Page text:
The Boogie Down Ain’t Down No More

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(ENSPIRE Around Town) The Boogie Down Ain’t Down No More

ENSPIRE Contributor: Tylah Willis

When someone mentions the Bronx they usually associate it with words like ghetto, poor, black, crime, and dirty. Each of these terms coined in the 1970’s when the oppressed people of this borough decided to unify as gangs. Gang culture in the Bronx was created to counteract their horrible economic situations they were faced with on the day to day basis, caused by politicians who viewed African Americans and Hispanics as less than everyone else. Gangs like the Black Spades, Savage Nomads, Savage Skulls, Ghetto brothers and so on terrorized communities as an act of rebellion due to the deprivation of resources to keep the average individual afloat in a fast growing economy. In the midst of all this pressure and tension, this community became the perfect jewel which is the birth of Hip Hop.

From that day on the Bronx was known for creating a timeless genre of music that would spread through the world like wildfire. Some would think such a conquering story would spark the idea of community renewal to keep the youth productive by adding jobs and programs to the local area. But of course, this change would only positively impact a specific group of people and hinder those who lived there from the start.

Everywhere you turn in New York City, black communities are being gentrified in the name of “Urban Renewal.” From downtown Brooklyn resembling 42nd street to the addition of Whole Foods on 125th street in Harlem, many Black and Hispanic communities are being forced out for the specific fact of not being able to afford living there. With the souls of these communities leaving, the culture is being erased as well. In 2015 a developer by the name of Keith Rubenstein put a billboard on the Third Avenue Bridge showing, “South Bronx Piano District, Luxury Waterfront Living,” renaming the South Bronx (which is known for hip hop) the “Piano District.” After putting this disgraceful billboard in an economically deprived community he then hosted a party “The Bronx is Burning” themed party to endorse his $85 million dollar project. Burning buildings, aggressive gang culture, drug addicts and more, this event made a mockery out of the long struggle the Bronx was faced with in the 1970’s.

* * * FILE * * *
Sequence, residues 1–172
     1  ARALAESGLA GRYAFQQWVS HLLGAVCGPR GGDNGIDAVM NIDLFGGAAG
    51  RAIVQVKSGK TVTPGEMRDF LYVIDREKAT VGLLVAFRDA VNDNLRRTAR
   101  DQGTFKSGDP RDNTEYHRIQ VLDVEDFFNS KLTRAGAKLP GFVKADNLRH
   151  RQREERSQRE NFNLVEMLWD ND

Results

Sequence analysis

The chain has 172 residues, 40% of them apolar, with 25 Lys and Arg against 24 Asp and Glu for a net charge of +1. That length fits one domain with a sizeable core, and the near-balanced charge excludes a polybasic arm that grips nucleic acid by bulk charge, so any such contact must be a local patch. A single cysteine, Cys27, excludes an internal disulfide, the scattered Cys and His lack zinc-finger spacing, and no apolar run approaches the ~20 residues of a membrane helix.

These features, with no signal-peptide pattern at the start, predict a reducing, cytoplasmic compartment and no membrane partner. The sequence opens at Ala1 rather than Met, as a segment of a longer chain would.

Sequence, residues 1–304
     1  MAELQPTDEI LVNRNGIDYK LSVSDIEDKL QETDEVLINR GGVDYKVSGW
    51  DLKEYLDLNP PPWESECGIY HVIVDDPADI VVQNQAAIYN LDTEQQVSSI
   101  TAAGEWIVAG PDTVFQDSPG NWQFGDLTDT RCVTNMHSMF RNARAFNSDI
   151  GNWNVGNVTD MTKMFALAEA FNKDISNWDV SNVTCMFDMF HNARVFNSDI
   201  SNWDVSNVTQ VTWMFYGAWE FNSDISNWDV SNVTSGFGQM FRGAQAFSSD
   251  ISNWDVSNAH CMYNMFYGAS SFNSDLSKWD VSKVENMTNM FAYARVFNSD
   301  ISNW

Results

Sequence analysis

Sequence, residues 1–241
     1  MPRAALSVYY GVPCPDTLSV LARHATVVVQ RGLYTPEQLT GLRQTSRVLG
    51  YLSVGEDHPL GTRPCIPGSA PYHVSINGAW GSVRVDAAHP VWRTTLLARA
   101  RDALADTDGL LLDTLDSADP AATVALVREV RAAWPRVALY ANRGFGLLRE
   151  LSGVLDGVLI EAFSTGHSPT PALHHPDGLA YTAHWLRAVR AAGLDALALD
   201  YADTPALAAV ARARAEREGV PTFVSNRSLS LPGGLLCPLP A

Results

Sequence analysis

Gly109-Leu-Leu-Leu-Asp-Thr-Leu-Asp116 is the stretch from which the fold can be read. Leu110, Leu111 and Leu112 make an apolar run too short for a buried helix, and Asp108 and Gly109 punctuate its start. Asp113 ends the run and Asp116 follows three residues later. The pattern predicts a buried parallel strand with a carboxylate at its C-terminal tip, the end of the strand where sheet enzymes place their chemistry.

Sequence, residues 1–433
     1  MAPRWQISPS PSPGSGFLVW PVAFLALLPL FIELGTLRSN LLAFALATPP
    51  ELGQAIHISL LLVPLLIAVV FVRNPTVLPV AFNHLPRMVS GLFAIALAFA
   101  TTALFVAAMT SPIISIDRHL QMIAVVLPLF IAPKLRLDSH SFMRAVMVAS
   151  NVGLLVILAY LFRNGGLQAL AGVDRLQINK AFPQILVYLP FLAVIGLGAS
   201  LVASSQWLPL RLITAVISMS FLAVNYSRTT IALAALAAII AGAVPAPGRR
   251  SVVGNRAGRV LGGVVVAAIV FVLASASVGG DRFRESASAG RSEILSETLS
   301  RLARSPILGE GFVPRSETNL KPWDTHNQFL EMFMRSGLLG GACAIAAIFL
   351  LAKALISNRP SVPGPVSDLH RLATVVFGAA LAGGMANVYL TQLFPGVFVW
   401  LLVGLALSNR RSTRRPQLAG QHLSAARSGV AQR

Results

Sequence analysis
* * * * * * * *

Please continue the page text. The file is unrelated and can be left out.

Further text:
On top of this privileged and immoral act, the percentage of home sales increased by 35% in 2016 surpassing home sales in Queens, Brooklyn, and Manhattan. It’s easy to conclude the people who are buying these houses. But for the people who lived here for years and made positive contributions that changed this borough for the better, all of the efforts and hardships are going down the drain because of selfish acts.

Recently in the Co-Op city section of the Bronx, the only book store (Barnes & Noble) was shut down and replaced with a Saks Off 5th, a store you mostly see in Manhattan. A store where the jeans are on average $250 to $990, that’s the price of many people’s rent in a studio apartment in the Bronx. 

The face of the Bronx is rapidly changing and many Bronx natives do not know what to do. As Bronxites we can collectively take action by promoting and attending town hall meetings, reaching out to local Congress official, use social media as a platform to bring awareness to this situation and support local businesses to prevent big business from buying them out. It’s time for Bronxites to take back our borough and our culture before everything we worked so hard to fix, goes to waste.

Are you a resident of the Bronx? What other ways can we help maintain our community?

 

Sources: NY Times, DNAInfo, Commercial Observer

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